I’ve been listening to a lot of music this summer. Here are some tracks that left a great impression on me:
“Queen” by Perfume Genius
There’s nothing more affecting than listening to the line “No family is safe when I sashay” uttered by the openly gay Mike Hadreas (stage name Perfume Genius) followed by a break of eclectic synth instrumentation, knowing that members of the queer community have been silenced and abused throughout history. This line succeeds a verse where Hadreas mentions the various negative stereotypes associated with queer people: “Cracked, peeling, riddled with disease“. He gracefully coats all this emotion, conveyed by the careful placement of words and his performance that puts life in every word he sings, into the song’s own title, and through Hadreas’s blazing vocal performance and the grand synths and drums, he creates an iconic gay anthem and asks his LGBTQ audience to embrace our queerness with the power of a million machines under the image of a “Queen”.
“1950” by King Princess
Another anthem suited for Pride month, Mikaela Straus (stage name King Princess) pays tribute to Patricia Highsmith’s The Price of Salt (which becomes the film Carol) through this song, symbolizing the discreet activities of the LGBTQ community in days past as a metaphor for unrequited love. Her enticing lyrics showcase the intense emotions in a doomed romance, including “So tell me why my gods look like you?” “I hope that you won’t slip away in the night” and “Did you mean it when you said I was pretty?“. Her delicate yet cool delivery ties the whole track together, and her specific scope makes this song super representative for queer women, yet feels universal at the same time.
“God’s Favorite Customer” by Father John Misty
Josh Tillman’s (stage name Father John Misty) new record is the most soul-bearing work in the course of his career so far, but nothing is more poignant than his title track. The chorus, especially, resonates with so much faith and hopelessness: “Speak to me / Won’t you speak, sweet angel? / Don’t you remember me? / I was God’s favorite customer“. The accompanying vocals by labelmate Weyes Blood just add to the solemnity of the chorus. The monotony of the instrumentation doesn’t feel like a drawback — it’s an addition that amplifies Tillman’s soul-crushing delivery of this track.
“The Predatory Wasp of the Palisades Is Out to Get Us!” by Sufjan Stevens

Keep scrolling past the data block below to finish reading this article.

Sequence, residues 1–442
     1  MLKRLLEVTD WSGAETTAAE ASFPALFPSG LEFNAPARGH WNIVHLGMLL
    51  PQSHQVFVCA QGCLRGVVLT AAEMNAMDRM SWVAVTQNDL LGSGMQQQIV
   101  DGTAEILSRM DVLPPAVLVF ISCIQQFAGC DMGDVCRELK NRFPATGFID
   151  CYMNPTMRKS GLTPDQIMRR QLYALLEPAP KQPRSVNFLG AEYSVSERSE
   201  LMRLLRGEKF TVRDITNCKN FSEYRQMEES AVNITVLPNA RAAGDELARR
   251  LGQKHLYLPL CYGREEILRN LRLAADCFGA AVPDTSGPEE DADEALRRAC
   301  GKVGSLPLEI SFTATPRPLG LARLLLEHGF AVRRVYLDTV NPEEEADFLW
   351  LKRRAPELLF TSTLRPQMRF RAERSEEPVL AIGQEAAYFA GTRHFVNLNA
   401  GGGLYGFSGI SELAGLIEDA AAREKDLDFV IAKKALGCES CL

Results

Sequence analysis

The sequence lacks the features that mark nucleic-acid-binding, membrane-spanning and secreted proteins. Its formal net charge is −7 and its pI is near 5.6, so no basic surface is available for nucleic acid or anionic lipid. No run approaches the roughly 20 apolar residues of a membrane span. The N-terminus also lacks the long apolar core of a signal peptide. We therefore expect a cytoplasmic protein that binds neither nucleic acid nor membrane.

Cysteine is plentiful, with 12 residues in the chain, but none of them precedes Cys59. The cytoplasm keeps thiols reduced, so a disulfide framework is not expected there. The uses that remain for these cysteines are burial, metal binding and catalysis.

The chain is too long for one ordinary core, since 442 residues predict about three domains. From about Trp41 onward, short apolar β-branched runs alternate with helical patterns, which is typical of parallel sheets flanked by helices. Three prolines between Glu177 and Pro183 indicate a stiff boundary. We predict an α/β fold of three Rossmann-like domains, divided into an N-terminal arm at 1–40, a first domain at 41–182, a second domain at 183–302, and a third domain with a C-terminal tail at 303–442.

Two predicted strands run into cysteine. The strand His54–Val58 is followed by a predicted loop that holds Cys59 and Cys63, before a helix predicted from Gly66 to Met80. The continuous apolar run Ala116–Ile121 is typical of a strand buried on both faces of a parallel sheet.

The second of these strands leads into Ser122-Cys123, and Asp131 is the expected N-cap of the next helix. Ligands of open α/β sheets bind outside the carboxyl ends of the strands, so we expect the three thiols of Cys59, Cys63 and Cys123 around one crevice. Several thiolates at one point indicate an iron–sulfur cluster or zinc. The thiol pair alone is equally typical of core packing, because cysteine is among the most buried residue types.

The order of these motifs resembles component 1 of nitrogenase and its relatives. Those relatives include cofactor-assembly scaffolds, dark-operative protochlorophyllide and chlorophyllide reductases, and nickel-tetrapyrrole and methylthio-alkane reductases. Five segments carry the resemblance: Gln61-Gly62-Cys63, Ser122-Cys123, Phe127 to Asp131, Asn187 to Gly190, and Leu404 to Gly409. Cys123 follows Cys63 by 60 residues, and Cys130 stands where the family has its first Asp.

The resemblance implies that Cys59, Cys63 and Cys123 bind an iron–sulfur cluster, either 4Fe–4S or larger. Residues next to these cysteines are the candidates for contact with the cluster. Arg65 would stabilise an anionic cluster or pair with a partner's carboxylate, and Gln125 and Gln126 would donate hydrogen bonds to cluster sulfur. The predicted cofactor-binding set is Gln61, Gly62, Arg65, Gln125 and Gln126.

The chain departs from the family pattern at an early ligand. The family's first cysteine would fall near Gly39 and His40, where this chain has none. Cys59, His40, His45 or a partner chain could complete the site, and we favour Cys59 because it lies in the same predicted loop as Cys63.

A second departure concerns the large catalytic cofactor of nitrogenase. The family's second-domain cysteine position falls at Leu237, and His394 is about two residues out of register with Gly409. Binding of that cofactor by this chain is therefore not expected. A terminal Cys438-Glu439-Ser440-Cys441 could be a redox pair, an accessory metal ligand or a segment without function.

In this track, Sufjan Stevens sings about his time spent in a youth summer camp. The soothing acoustic guitar and the instrumentations — escalating and finally shrinking near the end of the track — reflects the feeling of sunlight brushing through shady trees and touching your face while you dip your legs into a tranquil lake. The grand trumpets in the middle of the track bring back a wave of nostalgia, and Stevens’s tender loving lyrics and subtle delivery just add into that stream of abstract summertime feelings. Sometimes I wish this song could’ve been longer because of the great vibes it brings whenever I listen to it.
“Never Be The Same” by Camila Cabello
This popular radio song might be overplayed for some, but there is no denying the vocal power and emotion Cabello brings in this track. Singing about drugs as a metaphor of infatuation in a falsetto voice, Cabello embodies the desperation one might feel when falling in love. The drum beats that rings similar to 60s surf rock tracks adds into that nostalgia and longing Cabello delivers in the song. This track reminds me of the limerence experienced by one of my friends this summer, where he cannot stop talking about his crush and, currently, ex-boyfriend — and sometimes, it reminds me about myself too, especially those times where I cannot get a certain someone off of my head.
“Your Best American Girl” by Mitski
The lyrics in Mitski Miyawaki’s “Your Best American Girl” hits all the right spots and addresses topics that are not often portrayed in songs of this theme. Mitski reflects on her clash of identities through the lyrics “your mother wouldn’t approve of how my mother raised me” and the struggle of fitting into a foreign cultural discourse to get what she wants in love (“I guess I couldn’t help trying to be your best American girl”). Through this track, Mitski also asks us to reevaluate what the term “American” means and how one would fit in it. This is one of the rare love songs that addresses intercultural identities, wrapped in electric chords and powerful drums.
“Fast Slow Disco” by St. Vincent
This upbeat rendition of Annie Clark’s (stage name St. Vincent) “Slow Disco” marks her plunge into the pop scene. Even though the song has a beat that you could dance to, the feeling of alienation resonates throughout the track, including the affecting piece of lyric “I’m so glad I came, but I can’t wait to leave”. The outro, an almost mantra-like repetition of “don’t it beat a slow dance to death?”, accompanied by upbeat synths, makes you feel reflective and pumped at the same time. As the song ends, I found myself wishing that this song could last longer. But, hey, at least the feeling lasts.
Listen to the songs in my playlist below: